Saturday, December 27, 2014
I pick on the new Ms. Marvel, but it's true: superhero comics are so regimented and defined that just having a main character who isn't a straight white male between the ages of 16 and 35 is shocking to large segments of the audience. The new Ms. Marvel series has gotten generally positive reviews, but those are all from people already inclined to want diverse characters in standard spandex outfits punching the same old villains in the same old ways. And that audience gets praised for their forward-thinking ways far too much, to my mind, since they're only forward-thinking in the most narrow, blindered ways: they only want a wider variety of people on the covers of their punching-the-world-better comics.
Kamala Khan is a young person who suddenly gets powers and feels the urge to better the world with them; she comes into conflict with her family's expectations for her and with unpleasant schoolmates whom she saves despite their unpleasantness. She's awkward with her powers and hero-worships longer-established heroes, and is deeply earnest and entirely a positive role model.
In other words, she's Peter Parker, and a half-dozen other similar heroes from the past fifty years in the same vein. Sure, she's female, from Jersey City rather than Brooklyn, vaguely Muslim rather than vaguely Christian, and Pakistani rather than unspecified WASP, but those are all pretty superficial details over the same story framework.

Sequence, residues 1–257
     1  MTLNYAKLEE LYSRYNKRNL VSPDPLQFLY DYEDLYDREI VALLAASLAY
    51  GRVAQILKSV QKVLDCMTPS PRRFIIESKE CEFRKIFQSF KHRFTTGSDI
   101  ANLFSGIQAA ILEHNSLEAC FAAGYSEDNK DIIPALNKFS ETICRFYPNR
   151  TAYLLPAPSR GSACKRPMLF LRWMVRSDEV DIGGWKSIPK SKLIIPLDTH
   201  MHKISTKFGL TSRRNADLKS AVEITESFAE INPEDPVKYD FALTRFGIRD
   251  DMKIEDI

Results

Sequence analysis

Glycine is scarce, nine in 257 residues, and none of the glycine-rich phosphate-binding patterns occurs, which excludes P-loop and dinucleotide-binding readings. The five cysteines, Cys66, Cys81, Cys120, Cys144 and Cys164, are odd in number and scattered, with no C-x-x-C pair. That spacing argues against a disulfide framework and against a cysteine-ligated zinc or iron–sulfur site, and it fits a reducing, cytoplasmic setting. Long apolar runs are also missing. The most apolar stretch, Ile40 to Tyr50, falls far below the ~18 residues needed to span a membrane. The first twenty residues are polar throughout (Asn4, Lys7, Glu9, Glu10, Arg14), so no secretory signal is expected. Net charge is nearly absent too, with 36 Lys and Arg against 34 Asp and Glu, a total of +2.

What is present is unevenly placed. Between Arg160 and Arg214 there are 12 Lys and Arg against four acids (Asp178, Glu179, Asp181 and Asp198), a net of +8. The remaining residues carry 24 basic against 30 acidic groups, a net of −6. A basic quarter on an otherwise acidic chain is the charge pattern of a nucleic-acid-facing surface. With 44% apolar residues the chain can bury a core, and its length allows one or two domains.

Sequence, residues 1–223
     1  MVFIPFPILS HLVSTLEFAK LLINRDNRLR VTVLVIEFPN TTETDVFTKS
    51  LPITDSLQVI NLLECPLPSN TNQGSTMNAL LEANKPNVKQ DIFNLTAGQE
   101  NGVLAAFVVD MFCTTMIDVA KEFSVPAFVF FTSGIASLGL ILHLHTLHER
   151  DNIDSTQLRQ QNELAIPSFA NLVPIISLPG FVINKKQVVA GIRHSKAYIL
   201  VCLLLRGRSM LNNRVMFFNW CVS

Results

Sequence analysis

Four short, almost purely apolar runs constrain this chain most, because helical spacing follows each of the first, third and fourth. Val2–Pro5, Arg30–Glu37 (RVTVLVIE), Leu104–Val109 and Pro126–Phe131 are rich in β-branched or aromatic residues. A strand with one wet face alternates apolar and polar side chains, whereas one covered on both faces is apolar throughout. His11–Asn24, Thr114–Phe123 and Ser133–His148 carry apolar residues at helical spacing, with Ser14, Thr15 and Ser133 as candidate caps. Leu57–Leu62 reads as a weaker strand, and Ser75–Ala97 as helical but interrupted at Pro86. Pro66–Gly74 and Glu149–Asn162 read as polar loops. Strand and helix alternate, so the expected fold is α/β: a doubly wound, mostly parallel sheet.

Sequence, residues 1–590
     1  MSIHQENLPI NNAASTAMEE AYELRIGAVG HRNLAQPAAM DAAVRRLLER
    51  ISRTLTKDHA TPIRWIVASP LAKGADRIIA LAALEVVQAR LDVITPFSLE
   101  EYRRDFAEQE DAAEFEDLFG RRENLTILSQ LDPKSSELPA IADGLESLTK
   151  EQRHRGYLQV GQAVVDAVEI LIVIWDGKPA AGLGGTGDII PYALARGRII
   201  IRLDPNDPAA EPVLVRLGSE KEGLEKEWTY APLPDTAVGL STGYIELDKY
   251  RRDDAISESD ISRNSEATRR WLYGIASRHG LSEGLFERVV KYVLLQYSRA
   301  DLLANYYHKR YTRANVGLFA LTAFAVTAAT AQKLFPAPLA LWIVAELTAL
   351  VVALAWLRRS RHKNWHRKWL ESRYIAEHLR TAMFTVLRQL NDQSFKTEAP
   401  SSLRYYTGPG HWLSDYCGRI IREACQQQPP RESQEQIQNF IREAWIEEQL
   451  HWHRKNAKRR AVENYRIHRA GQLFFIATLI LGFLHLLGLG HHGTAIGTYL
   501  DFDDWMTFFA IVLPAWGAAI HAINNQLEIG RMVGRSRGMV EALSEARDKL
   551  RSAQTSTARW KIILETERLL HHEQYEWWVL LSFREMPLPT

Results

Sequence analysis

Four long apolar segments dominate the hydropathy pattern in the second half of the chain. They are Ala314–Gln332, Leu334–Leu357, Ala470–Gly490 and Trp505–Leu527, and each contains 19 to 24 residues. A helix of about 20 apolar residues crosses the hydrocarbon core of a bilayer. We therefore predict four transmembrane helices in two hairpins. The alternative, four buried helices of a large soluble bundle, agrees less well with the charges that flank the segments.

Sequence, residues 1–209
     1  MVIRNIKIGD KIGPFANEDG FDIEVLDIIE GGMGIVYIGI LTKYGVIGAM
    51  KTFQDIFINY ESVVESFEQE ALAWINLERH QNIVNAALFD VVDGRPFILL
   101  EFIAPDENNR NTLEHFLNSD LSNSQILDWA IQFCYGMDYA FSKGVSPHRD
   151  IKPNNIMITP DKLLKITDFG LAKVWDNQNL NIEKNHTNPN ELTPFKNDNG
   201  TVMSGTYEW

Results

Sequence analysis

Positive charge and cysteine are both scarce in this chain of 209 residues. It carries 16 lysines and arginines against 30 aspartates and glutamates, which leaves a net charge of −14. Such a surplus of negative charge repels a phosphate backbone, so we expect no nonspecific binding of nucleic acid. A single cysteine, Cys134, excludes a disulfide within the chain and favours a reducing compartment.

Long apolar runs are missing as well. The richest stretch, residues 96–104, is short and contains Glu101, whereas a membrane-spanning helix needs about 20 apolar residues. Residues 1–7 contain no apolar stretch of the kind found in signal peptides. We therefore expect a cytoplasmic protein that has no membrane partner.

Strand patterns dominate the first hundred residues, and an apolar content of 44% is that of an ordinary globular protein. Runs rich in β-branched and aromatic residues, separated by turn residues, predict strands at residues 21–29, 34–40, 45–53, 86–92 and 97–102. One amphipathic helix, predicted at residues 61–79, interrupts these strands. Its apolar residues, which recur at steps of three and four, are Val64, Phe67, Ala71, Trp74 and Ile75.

Ms. Marvel, Vol. 1: No Normal collects the first five issues of Kamala's ongoing series, plus an eight-page story from an anthology title -- all written by G. Willow Wilson (who has the great benefit in this context of being a Muslim woman as well as an award-winning writer) and drawn by Adrian Alphona (best known for the cult favorite Runaways series). It's relatively smart, self-aware superhero stuff: origin, working out the details of the powers (stretching and shrinking, changing to look like other people, general stretchy powers that don't yet rise to the level of Plastic Man deformity), and the first confrontation with the goons of her very first supervillain. It is a bit quirky, driven by Alphona's semi-indy drawings and Ian Herring's soft colors, with a look more like Omega the Unknown than Marvel-standard. (Though the cover, interestingly, is Marvel-standard rather than Alphona/Herring, showing that comics still want to make everything look the same as much as possible.)
It's not nearly as different or amazing as some sectors of the Internet would lead you to believe; it's a superhero comic from Marvel, and hits all of the expected story beats. But it's an appealing slab of superhero comics, and, at least this far in, isn't tied up with continuity and event knots that damage so many of it's shelf-mates. You could do worse than to read this, but you could also do vastly better.
Book-A-Day 2014 Introduction and Index